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Data on chemical composition of ground water collected from the "post-Middle Chadron" Oligocene strata are compared with those from water of the basal Chadron hydrological unit in an area near Crawford, Nebraska, where uranium mineralization is known to occur. Uncorrected Eh values, using a calomel reference electrode, indicated water from the "post-Middle Chadron" Oligocene unit was positive, whereas water from the basal Chadron was negative. The basal Chadron waters contained lower levels of calcium and uranium and higher concentrations of sodium, chloride, sulfate, and total dissolved solids, than did waters from the "post-Middle Chadron" Oligocene zone. Radon and radium concentrations in the water samples from the basal Chadron unit fluctuated widely. Radium levels in the oxidizing waters were consistently low (<2 pCi>/l), while radium in several water samples from the reduced unit exceeded the maximum recommended level of 5 pCi/l for drinking purposes. These samples, however, are not used domestically.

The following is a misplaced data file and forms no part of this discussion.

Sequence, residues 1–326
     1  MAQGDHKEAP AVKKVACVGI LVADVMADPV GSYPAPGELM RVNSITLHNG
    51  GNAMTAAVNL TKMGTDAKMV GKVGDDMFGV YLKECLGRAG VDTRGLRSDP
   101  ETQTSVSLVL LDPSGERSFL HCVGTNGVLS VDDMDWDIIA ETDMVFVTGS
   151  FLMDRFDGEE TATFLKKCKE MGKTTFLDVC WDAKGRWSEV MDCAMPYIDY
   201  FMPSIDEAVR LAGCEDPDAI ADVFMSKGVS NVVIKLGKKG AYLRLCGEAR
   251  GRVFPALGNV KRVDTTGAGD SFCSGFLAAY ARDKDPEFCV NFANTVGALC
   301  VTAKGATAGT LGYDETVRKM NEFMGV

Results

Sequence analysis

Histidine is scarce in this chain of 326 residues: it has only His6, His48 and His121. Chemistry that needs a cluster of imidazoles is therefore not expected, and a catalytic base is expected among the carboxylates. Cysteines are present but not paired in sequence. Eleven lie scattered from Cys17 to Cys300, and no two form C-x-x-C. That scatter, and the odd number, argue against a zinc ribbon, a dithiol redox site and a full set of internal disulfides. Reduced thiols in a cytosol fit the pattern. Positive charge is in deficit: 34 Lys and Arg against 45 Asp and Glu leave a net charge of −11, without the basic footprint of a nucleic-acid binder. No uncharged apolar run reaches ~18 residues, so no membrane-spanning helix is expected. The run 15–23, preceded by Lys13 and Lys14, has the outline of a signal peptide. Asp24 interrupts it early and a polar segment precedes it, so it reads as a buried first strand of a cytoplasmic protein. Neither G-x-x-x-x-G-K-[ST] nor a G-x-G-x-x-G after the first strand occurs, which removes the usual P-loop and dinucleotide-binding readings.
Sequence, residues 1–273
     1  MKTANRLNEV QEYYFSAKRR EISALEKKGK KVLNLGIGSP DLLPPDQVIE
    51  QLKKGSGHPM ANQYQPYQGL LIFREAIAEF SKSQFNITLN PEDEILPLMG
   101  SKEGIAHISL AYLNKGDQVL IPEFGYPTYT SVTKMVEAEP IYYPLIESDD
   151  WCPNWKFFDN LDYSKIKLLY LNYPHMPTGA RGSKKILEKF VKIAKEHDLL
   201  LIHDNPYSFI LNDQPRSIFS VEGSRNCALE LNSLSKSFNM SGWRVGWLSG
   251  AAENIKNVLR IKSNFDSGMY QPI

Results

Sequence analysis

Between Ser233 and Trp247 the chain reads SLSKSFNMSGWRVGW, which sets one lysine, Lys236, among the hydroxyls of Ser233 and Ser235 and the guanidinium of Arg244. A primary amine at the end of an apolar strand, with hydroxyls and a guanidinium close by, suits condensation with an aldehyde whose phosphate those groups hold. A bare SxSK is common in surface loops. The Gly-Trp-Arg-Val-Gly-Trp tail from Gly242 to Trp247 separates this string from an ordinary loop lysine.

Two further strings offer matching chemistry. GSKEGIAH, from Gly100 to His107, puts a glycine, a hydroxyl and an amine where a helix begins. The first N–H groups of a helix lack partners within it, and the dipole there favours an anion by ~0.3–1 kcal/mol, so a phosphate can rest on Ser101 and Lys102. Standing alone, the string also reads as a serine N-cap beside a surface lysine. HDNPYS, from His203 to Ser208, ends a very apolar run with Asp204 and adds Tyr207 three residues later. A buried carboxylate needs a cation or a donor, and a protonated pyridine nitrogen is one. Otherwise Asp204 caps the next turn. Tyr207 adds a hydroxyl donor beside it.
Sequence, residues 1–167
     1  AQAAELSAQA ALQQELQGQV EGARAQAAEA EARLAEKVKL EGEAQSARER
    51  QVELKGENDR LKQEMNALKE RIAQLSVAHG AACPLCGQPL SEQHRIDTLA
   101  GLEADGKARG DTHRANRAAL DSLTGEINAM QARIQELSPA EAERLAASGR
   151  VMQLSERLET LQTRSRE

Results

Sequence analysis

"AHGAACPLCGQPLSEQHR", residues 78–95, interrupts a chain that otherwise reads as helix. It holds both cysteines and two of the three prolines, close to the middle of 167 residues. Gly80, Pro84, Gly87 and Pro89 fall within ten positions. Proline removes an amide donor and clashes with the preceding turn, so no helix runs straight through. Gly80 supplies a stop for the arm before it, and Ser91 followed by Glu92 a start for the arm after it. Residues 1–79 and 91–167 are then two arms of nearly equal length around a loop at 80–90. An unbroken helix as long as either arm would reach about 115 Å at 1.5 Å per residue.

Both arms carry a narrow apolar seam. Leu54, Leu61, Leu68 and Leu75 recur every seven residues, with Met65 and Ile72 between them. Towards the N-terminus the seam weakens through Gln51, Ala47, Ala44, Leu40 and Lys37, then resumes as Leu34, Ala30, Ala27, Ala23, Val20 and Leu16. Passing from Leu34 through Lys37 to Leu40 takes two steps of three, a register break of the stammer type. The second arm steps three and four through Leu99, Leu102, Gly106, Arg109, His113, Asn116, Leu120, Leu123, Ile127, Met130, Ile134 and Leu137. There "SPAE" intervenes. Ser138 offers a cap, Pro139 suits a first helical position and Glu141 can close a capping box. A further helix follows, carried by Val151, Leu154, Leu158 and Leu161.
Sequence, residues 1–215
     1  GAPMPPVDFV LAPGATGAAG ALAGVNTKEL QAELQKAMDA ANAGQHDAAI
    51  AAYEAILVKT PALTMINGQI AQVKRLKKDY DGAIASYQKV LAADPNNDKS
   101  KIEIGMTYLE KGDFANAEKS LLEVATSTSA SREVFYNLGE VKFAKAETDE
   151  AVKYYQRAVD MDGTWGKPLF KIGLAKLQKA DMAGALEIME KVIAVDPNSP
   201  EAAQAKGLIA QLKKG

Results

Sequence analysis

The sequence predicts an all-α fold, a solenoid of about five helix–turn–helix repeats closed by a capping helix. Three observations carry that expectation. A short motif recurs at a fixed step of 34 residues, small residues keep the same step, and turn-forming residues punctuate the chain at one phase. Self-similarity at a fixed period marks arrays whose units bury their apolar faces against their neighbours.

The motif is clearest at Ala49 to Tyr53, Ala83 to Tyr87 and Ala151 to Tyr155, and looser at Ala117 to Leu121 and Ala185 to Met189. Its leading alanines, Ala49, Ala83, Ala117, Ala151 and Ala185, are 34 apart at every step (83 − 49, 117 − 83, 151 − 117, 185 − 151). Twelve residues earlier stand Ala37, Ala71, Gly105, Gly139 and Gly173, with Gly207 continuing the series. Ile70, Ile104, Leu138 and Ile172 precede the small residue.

Radon and radon daughter products in air were also evaluated on a limited basis. Their concentrations appeared similar to reported background levels in other midwestern regions.